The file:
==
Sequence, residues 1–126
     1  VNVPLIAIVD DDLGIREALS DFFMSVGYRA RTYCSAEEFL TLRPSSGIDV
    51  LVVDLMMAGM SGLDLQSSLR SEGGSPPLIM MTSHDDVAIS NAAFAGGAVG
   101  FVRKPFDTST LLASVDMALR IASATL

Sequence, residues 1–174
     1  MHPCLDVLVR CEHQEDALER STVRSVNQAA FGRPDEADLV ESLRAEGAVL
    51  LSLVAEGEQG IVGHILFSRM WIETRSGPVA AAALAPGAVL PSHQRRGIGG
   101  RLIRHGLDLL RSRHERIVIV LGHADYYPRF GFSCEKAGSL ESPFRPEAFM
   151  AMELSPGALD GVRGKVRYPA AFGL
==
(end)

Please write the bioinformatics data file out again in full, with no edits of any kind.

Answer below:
Sequence, residues 1–126
     1  VNVPLIAIVD DDLGIREALS DFFMSVGYRA RTYCSAEEFL TLRPSSGIDV
    51  LVVDLMMAGM SGLDLQSSLR SEGGSPPLIM MTSHDDVAIS NAAFAGGAVG
   101  FVRKPFDTST LLASVDMALR IASATL

Sequence, residues 1–174
     1  MHPCLDVLVR CEHQEDALER STVRSVNQAA FGRPDEADLV ESLRAEGAVL
    51  LSLVAEGEQG IVGHILFSRM WIETRSGPVA AAALAPGAVL PSHQRRGIGG
   101  RLIRHGLDLL RSRHERIVIV LGHADYYPRF GFSCEKAGSL ESPFRPEAFM
   151  AMELSPGALD GVRGKVRYPA AFGL